Lars Hellström Lars.Hellstrom@math.umu.se
Sat, 17 Jul 1999 09:25:57 -0400

```Will Adams wrote:
>Sorry, failed to touch upon the philosophy aspect in my previous missive, but
>found and used the .vf files and my query/point was made moot thereby.
>
>Thierry Bouche's Agaramond set sort-of, kind-of worked, but no ff ligatures
>(I do have the expert sets) and no regular weight small caps or old-style
>figures (maybe this is why no ff-ligatures?). Not sure what the difficulty
>was and rather than pursue that, I tried installing AGaramond with FontInst
>proper. No joy.
>
>I have FontInst placed in h:\localtexmf\generic\fontinst and after renaming
>the .afms here're the messages which I got in the padfi.log file which
>\input fontinst.sty
>\bye
>
>This is TeX, Version 3.14159 (MiKTeX 1.20b) (preloaded format=plain 1999.7.5)
> 11 JUL 1999 21:10
><SNIP>
>No file fontinst.rc.
>)
>! I can't find file `8r.etx'.

This is what causes at least the first of your errors: TeX simply cannot
find the file 8r.etx. (On CTAN, this file is located in the
.../fontinst/inputs/etx directory.) I suspect that you get this error
because the directory in which you have placed 8r.etx is missing from your
TeX's search path of input directories, but it could also be that you
haven't downloaded all the input files fontinst needs (the complete set of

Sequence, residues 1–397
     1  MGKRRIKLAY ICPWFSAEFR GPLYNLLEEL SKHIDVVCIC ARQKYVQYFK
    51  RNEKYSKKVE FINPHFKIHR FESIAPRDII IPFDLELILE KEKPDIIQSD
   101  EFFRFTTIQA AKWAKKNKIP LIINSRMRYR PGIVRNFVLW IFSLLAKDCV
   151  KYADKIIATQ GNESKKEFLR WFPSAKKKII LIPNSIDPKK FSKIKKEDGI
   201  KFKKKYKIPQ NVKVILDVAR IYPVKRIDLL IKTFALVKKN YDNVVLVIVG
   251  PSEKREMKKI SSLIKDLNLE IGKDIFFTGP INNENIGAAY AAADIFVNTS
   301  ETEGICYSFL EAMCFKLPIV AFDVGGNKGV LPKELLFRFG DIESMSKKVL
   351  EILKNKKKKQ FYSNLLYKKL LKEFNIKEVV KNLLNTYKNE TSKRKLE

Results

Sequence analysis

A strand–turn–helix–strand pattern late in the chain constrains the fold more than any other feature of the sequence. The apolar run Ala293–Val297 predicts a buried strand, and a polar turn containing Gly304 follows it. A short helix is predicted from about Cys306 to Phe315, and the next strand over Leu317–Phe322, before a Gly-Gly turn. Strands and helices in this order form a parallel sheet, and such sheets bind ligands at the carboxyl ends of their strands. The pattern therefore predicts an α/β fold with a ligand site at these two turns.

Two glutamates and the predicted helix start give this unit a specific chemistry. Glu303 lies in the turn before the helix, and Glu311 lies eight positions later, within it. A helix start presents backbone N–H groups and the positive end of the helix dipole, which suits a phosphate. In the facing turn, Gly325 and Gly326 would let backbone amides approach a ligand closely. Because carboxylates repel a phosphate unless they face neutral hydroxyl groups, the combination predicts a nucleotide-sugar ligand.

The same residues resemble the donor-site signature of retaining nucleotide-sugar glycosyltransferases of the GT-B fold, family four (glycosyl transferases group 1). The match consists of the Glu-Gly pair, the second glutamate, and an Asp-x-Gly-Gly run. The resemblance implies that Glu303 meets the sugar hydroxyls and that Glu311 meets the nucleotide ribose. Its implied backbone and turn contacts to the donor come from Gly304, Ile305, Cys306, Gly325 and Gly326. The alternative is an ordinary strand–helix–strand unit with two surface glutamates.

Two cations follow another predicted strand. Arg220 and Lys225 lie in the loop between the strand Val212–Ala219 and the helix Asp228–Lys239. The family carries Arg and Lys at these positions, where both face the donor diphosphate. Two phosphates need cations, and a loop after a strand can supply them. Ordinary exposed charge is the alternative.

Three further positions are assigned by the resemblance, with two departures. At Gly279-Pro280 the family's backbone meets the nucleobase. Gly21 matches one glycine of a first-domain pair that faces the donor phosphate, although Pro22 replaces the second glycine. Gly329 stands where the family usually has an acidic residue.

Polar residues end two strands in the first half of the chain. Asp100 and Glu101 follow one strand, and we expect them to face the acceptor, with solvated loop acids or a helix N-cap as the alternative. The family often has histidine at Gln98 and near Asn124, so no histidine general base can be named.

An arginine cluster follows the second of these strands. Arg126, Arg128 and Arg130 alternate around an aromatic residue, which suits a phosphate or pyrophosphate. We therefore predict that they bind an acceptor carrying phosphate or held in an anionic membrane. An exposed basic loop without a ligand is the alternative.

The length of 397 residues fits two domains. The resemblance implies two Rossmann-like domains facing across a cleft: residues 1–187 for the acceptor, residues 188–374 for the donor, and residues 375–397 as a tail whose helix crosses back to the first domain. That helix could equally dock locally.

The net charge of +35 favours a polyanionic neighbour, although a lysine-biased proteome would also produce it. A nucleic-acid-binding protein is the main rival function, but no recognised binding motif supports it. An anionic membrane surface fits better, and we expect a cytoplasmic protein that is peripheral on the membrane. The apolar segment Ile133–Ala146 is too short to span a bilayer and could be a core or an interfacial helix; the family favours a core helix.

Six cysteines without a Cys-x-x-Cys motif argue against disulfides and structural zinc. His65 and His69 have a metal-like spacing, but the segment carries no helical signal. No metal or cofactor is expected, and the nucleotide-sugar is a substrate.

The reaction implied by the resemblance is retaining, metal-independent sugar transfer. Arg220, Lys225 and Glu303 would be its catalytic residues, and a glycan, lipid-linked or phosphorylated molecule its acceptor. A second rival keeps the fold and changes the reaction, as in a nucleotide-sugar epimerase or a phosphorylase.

files consists of what can be found in the .../fontinst/inputs subtree on
CTAN).

As for the other errors you get, they seem to either be caused by the first
one or stem from the same root as that, i.e., your TeX cannot find the
files fontinst wants to input. I noticed for example that it said

>! I can't find file `latin.mtx'.

a bit further down. latin.mtx is also one of the files fontinst needs, and
in this case it is found in the .../fontinst/inputs/mtx directory on CTAN.

>I'm wondering if the difficulty might not be that I have a _very_ old version
>of AGaramond.

No, that isn't the source of this error, and it shouldn't matter much
either, since once a font has been "cut" there is absolutely no reason to
change it and lots of reasons not to. Fonts are propably the most
unchanging type of software there is today.

Lars Hellström

```